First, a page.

- 7 Mistakes You're Making With Your Photos (and How to Stop)
- 12 Simple But Impactful Tips for New Photographers
I don't want to age myself here, but it's been a good, long while since I was a beginner photographer.
And though plenty of time has passed, I still remember the days of struggling with camera settings, screwing up my post-processing (in the darkroom, no less...), and wondering if all the chips were ever going to fall in place or if I was destined to keep making stupid photography mistakes over and over again.
Well, I'm here to tell you that as bleak as it seems sometimes, if you stick with it and learn from common photography mistakes, you'll eventually get to a place where you start producing some pretty great photos.
With that in mind, here's a quick list of things to avoid as a photographer, and mistakes from which you can learn a thing or two.
A Common Mistake for Beginners: Forgetting to Check the Exposure Settings
One of the biggest steps to take as a beginner photographer is to move out of full auto mode and into manual mode (or, at the very least aperture priority, shutter priority, or program mode).
By taking more control over the camera's settings, you make your job a little harder, but that added control means that you can get better photos, like the one above.
Of course, if you've been a full auto shooter thus far, you're used to not having to change your exposure settings to accommodate differing lighting conditions.
But once you're shooting in manual mode, you'll need to remind yourself to make adjustments as the lighting changes. Otherwise, you'll end up with tons of photos that are overexposed or underexposed.
Editor's Tip: Get better-exposed images by using your camera's histogram to inform you about the highlights, shadows, and midtones in your photos.
Easy Does It: Slow Down to Avoid Mistakes
I'm not always the most patient person, and sometimes that's my downfall as a photographer.
But believe it or not, simply slowing things down and taking a few extra seconds to check your composition or check the camera settings or give your model a little instruction about how to pose can mean the difference between getting a photo that's a keeper and getting one that needs to be deleted.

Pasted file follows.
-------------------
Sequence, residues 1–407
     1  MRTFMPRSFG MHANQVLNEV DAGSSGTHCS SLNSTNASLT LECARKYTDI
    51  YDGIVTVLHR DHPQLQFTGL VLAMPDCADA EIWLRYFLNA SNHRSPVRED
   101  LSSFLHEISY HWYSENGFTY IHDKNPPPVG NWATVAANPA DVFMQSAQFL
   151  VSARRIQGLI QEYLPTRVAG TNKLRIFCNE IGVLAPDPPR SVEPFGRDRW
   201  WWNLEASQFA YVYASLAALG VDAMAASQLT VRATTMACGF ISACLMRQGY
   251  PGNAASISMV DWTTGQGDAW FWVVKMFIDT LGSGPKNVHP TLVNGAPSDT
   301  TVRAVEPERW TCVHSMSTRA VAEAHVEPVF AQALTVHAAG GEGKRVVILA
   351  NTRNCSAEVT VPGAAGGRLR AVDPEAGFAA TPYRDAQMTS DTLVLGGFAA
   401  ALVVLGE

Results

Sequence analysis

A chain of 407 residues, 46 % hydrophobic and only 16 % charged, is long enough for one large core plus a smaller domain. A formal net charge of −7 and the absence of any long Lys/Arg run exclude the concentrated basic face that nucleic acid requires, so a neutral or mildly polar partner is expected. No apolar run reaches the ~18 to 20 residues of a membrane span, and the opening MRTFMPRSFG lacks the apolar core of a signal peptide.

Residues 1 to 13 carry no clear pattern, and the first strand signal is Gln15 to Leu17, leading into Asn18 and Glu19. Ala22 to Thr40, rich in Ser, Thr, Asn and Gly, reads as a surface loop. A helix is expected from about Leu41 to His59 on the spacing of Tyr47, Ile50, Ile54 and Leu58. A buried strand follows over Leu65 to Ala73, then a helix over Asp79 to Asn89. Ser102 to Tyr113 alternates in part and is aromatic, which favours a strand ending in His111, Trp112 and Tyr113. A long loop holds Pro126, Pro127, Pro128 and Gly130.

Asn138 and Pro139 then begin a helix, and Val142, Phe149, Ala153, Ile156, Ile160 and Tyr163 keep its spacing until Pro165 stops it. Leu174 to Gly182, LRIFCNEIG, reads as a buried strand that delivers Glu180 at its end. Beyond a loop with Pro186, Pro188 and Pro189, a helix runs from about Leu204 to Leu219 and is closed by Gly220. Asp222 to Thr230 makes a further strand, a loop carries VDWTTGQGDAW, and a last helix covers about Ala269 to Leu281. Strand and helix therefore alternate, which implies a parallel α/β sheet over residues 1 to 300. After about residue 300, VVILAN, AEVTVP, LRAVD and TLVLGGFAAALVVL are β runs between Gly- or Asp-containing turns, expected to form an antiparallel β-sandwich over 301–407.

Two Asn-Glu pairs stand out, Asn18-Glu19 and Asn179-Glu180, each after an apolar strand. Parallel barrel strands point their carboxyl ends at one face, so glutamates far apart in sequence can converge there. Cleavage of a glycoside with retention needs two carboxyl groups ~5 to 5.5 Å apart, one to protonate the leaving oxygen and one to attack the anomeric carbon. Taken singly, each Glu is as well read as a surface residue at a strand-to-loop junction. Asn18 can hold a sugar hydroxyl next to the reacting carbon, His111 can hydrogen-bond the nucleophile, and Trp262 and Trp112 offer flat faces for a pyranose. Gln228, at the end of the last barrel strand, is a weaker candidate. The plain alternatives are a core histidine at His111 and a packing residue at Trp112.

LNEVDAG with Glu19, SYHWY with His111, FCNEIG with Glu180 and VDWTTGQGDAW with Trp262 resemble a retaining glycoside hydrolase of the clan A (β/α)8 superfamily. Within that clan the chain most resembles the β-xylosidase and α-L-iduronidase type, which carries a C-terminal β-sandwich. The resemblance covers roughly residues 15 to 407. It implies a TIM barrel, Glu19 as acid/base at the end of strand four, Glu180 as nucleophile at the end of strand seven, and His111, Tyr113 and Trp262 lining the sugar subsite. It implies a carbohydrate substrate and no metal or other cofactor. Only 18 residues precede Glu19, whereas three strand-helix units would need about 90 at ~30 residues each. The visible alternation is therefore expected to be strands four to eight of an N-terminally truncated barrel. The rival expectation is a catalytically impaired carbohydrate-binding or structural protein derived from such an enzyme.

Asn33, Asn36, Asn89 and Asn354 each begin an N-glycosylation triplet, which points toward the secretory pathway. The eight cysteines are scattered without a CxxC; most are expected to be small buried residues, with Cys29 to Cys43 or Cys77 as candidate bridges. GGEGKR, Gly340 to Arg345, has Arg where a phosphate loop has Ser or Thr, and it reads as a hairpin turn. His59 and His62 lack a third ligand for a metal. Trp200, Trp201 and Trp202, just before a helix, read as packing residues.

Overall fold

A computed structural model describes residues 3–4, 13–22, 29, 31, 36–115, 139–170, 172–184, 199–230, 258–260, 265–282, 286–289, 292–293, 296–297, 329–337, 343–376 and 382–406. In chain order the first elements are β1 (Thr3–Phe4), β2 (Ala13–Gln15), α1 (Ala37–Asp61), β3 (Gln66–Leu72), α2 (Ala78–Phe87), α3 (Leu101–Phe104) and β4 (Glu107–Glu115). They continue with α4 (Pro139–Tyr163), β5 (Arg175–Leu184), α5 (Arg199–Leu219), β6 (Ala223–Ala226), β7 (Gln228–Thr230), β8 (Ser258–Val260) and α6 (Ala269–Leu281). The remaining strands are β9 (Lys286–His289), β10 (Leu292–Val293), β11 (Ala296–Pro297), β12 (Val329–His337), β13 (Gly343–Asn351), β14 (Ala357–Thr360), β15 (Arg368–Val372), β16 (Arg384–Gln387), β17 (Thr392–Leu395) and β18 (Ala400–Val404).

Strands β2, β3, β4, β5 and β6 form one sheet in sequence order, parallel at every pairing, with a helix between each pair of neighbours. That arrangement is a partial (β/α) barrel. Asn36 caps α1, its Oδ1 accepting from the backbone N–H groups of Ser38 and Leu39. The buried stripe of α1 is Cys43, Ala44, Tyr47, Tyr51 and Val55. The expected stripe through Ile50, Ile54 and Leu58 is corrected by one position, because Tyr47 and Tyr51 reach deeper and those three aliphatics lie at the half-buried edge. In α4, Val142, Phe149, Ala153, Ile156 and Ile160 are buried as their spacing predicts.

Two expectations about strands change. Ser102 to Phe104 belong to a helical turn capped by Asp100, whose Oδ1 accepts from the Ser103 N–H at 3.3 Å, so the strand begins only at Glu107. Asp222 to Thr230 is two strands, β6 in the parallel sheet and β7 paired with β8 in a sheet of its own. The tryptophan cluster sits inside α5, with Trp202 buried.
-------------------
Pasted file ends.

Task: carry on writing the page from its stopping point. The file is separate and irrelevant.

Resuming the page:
Beginner photographers sometimes take the "spray and pray" approach, thinking that having a huge quantity of images will improve their chances of getting one or two good photos.
But the reality is that if you take your time, you'll find that you have more high-quality images (like the one above) in fewer shots than if you treat your camera like a machine gun!
Slow down, take a breath, and concentrate on each frame you take.
Create Better Portraits by Learning How to Pose
One thing that separates experienced photographers from novices is that the pros understand how to pose people for portraits.
Right now, you might simply tell people where to stand and smile for the camera. But that's likely not getting you many pro-looking results.
Instead, don't make the mistake of thinking that it's up to the subject to look good. Instead, you need to develop your portrait posing skills to help each person you photograph look their best.
Posing is much more than just a person's posture or their stance, too.
Instead, posing is about their smile, where they're looking (i.e., at you or out of frame, as shown above), what they're doing with their hands, how their shoulders look, and so forth.
With so many different elements to consider, it's no wonder that beginner photographers aren't sure how to pose people for portraits!
Learning how to pose people isn't as difficult as you might think, though.
In the video above by Marc Klaus, you can learn a few simple but effective posing tricks that you can use with subjects that have no modeling experience whatsoever.
Review the tips he provides, put them into practice, and see how far a little knowledge can take you!
Becoming a better photographer is really about dedicating yourself to the process.
That means taking steps (like reading tutorials!) to learn new skills and acquire new knowledge that will help you minimize mistakes and start taking better photos.
In the video above by Bethany Kay, learn a few more tips and tricks for minimizing photography mistakes and creating eye-catching images.